Socrates was accused of “refusing to recognize the gods recognized by the state” and of “corrupting the youth”. He sentenced to die by drinking poison hemlock.
At the time of death, Socrates was 70 years old. He was given the opportunity to suggest his own punishment and could probably have avoided death by recommending exile. Instead, the Greek philosopher initially offered the sarcastic recommendation that he be rewarded for his actions.
To fear death, gentlemen, is no other than to think oneself wise when one is not, to think one knows what one does not know. No one knows whether death may not be the greatest of all blessings for a man, yet men fear it as if they knew that it is the greatest of evils.
Socrates was taken to the near-by jail where his sentence would be carried out by drinking a cup of poison hemlock.
The death scene of Socrates, as we know it, was described by Socrates’ student Plato (who was not present at the death scene) through the narrative voice of the fictional character Phaedo.
When Crito heard, he signaled to the slave who was standing by. The boy went out, and returned after a few moments with the man who was to administer the poison which he brought ready mixed in a cup. When Socrates saw him, he said, “Now, good sir, you understand these things. What must I do?””Just drink it and walk around until your legs begin to feel heavy, then lie down. It will soon act.” With that he offered Socrates the cup.
The latter took it quite cheerfully without a tremor, with no change of color or expression. He just gave the man his stolid look, and asked, “How say you, is it permissible to pledge this drink to anyone? May I?”
The answer came, “We allow reasonable time in which to drink it.”
“I understand”, he said, “we can and must pray to the gods that our sojourn on earth will continue happy beyond the grave. This is my prayer, and may it come to pass.” With these words, he stoically drank the potion, quite readily and cheerfully. Up till this moment most of us were able with some decency to hold back our tears, but when we saw him drinking the poison to the last drop, we could restrain ourselves no longer. In spite of myself, the tears came in floods, so that I covered my face and wept – not for him, but at my own misfortune at losing such a man as my friend. Crito, even before me, rose and went out when he could check his tears no longer.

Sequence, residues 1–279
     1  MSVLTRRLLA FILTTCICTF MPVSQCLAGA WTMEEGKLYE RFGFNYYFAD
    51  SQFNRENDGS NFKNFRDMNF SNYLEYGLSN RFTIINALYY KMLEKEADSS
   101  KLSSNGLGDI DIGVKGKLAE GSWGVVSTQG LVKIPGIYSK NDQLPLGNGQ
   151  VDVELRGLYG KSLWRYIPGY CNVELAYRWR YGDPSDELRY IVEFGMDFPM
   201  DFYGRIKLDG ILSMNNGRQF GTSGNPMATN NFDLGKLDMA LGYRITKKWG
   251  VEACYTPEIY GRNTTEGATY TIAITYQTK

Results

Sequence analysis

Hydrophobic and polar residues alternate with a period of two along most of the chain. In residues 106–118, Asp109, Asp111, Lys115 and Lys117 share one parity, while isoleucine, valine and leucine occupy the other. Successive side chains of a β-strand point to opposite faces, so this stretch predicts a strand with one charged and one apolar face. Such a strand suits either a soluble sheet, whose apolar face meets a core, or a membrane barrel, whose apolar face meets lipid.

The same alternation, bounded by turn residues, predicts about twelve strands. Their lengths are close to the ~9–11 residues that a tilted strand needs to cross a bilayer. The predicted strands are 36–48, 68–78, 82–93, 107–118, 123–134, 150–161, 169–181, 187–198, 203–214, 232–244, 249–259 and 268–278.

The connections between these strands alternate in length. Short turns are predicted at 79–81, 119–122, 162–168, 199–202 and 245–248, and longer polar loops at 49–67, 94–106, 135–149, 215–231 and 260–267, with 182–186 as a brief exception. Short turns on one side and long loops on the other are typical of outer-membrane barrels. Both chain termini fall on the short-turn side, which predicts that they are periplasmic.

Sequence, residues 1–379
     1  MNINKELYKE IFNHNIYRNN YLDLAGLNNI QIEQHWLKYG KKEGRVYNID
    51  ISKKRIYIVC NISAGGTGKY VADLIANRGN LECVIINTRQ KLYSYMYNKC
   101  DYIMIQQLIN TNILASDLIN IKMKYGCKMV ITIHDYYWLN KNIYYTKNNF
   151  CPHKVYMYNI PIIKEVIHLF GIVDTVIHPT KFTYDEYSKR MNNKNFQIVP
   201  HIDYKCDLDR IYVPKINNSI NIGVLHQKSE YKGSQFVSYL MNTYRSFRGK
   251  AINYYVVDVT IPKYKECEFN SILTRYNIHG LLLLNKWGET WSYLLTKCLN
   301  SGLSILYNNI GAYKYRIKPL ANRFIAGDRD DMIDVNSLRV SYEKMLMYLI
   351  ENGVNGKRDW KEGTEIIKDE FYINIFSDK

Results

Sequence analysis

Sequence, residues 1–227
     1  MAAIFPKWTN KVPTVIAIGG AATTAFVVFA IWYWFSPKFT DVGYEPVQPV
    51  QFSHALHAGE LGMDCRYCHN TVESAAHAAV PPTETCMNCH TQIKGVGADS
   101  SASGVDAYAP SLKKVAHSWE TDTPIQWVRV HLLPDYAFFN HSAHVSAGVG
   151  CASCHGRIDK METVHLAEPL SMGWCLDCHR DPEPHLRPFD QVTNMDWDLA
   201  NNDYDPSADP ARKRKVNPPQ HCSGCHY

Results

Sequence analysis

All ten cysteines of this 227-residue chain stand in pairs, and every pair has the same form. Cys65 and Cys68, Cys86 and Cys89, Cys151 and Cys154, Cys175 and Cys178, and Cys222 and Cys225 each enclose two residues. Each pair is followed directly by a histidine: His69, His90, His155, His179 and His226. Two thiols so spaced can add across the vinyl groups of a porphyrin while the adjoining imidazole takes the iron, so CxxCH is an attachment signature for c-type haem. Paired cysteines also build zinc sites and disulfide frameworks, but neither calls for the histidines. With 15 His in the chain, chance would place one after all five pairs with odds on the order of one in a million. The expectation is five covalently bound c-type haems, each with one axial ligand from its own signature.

Apollodorus was already steadily weeping, and by drying his eyes, crying again and sobbing, he affected everyone present except for Socrates himself.
He said, “You are strange fellows; what is wrong with you? I sent the women away for this very purpose, to stop their creating such a scene. I have heard that one should die in silence. So please be quiet and keep control of yourselves.” These words made us ashamed, and we stopped crying.
Socrates walked around until he said that his legs were becoming heavy, when he lay on his back, as the attendant instructed. This fellow felt him, and then a moment later examined his feet and legs again. Squeezing a foot hard, he asked him if he felt anything. Socrates said that he did not. He did the same to his calves and, going higher, showed us that he was becoming cold and stiff. Then he felt him a last time and said that when the poison reached the heart he would be gone.
As the chill sensation got to his waist, Socrates uncovered his head (he had put something over it) and said his last words: “Crito, we owe a cock to Asclepius. Do pay it. Don’t forget.”
“Of course”, said Crito. “Do you want to say anything else?”
There was no reply to this question, but after a while he gave a slight stir, and the attendant uncovered him and examined his eyes. Then Crito saw that he was dead, he closed his mouth and eyelids.
This was the end of our friend, the best, wisest and most upright man of any that I have ever known
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